I wanted to bring up and talk about something that I feel always adds a whole different dimension to any character. The unspoken dialogue. The thoughts reflected and what we say without saying anything. In many cases, from an animator point of view, this becomes both one of the most challenging things to sell, yet one of the most fun ones. Timing is more than a powerful tool in an animator’s toolbox. You can say a lot of things by the way things are timed, both from a character animation point of view, as well as from a shot pacing or editing point of view. See these two examples to know what I’m talking about. They are two clips from Mike Leigh’s film “Naked” and another scene from the HBO show “Six Feet Under”.
Both shots say so much through timing. One is using the timing of a simple blink/look to show how a character feels about the other character. The other clip is using the editing’s timing to show what just happened to a character. This can be studied in so many ways. But I wanted to focus on the timing from a character animation point of view and how it affects internal thoughts and subtext.
One quote I read from John Lasseter back in College started making me seriously think about each single one of the actions we do and why, regardless of how subtle they can be or not.
“It is important to spend enough time (but no more) preparing the audience for: the anticipation of an action; the action itself; and the reaction to the action (the follow through). If too much time is spent on any of these, the audience’s attention will wander. If too little time is spent, the movement may be finished before the audience notices it, thus wasting the idea.”
So its very important that we give enough time to not only physical actions, but thoughts as well. In most cases the thoughts will drive the physical actions.
I picked a scene from the film “American Beauty”. It’s towards the end of the film. I would highly encourage watching this film, as this scene is a great moment that basically summarizes the character’s journey throughout the film.
Kevin Spacey’s character is not even saying anything. Instead he thinks it…and we know exactly how he feels. He’s gone through a lot…both in his life and especially within the last day. He’s even surprised the girl (or anyone) asks him how he feels. Therefore, in this scene there are a lot of emotions and feelings. Proper time from the time the question is given to the time the character answers for us to know how much has been going on. I did a small test and cut the time where there is thought process, and it’ll give you a pretty good idea about how powerful and how much though process adds in the original clip.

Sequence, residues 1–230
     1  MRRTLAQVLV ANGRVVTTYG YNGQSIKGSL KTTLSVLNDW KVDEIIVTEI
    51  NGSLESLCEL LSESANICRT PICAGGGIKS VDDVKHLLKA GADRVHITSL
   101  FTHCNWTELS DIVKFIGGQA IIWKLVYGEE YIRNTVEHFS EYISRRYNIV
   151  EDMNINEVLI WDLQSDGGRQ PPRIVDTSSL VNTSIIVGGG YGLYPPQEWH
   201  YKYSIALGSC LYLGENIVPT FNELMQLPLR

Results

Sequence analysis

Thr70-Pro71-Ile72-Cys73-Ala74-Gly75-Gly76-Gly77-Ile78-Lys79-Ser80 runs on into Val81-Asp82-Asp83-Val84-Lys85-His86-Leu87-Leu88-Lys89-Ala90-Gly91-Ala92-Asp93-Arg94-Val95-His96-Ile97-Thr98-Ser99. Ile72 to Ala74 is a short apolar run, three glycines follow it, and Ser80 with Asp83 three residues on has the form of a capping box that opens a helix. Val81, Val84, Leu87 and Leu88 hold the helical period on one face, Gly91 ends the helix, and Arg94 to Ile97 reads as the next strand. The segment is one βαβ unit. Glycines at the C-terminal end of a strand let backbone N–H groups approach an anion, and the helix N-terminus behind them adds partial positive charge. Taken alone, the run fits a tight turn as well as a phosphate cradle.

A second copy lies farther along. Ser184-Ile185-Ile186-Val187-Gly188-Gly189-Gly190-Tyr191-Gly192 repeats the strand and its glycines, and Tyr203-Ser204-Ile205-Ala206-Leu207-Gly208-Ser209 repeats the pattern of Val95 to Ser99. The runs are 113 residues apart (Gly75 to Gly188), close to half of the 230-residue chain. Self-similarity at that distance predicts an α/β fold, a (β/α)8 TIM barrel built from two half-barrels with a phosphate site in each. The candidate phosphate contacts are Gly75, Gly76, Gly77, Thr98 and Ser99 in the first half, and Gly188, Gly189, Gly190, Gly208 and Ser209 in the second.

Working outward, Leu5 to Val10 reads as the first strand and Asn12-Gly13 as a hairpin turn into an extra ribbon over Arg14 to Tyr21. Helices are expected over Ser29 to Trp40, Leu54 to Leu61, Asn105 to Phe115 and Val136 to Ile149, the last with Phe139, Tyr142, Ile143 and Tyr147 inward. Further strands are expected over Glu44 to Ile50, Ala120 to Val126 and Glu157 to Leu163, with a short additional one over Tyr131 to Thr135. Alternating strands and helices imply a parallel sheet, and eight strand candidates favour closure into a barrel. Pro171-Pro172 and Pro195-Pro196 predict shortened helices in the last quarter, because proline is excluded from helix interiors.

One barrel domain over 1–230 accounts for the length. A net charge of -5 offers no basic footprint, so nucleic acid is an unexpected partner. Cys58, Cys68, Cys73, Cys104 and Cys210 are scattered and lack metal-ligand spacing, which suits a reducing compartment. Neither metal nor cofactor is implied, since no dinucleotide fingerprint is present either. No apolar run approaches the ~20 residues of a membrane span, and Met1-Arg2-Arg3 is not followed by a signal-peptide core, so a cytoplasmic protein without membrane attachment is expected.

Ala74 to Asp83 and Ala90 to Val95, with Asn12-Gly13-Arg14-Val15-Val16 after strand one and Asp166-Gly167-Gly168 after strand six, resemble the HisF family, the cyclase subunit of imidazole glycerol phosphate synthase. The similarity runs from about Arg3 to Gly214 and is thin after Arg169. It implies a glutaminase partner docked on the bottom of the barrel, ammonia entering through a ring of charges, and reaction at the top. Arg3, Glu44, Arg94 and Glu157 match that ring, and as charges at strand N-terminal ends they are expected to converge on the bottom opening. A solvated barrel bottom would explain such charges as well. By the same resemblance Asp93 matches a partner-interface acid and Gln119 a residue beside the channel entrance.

It’s not nearly as convincing or powerful.
Now if we look at the original clip form the film, you’ll see that once the question is asked, time is given for the character to show:
-Surprise (that someone asked him that)
-Realization (of what that means)
-He assimilates the actual question.
-He thinks about what he’s gone through.
-He gains confidence.
In addition, each of these thoughts are timed out properly. They are broken down so that they are not even in timing, and the time spent on each tells us a little bit more about the character. Watch the clip one more time.
This will give you a pretty good idea of how important it is to spend time thinking about the character before animating your scene. Sometimes we do it, other times we forget and we have to force ourselves to think of these things once again. How the character feels, what he’s gone through, what he’s learned up to that point in his life, etc. Kevin Spacey’s acting through the whole thing is highly inspiring and educational.
Here is another clip that I love and that again it shows how powerful thought process is expressed through timing/contrast, even in a character that displays no emotion. As opposed to the American Beauty clip, in this particular case, the end result is an unexpected reaction leading to an entertainment moment for the audience.
I hope this helps.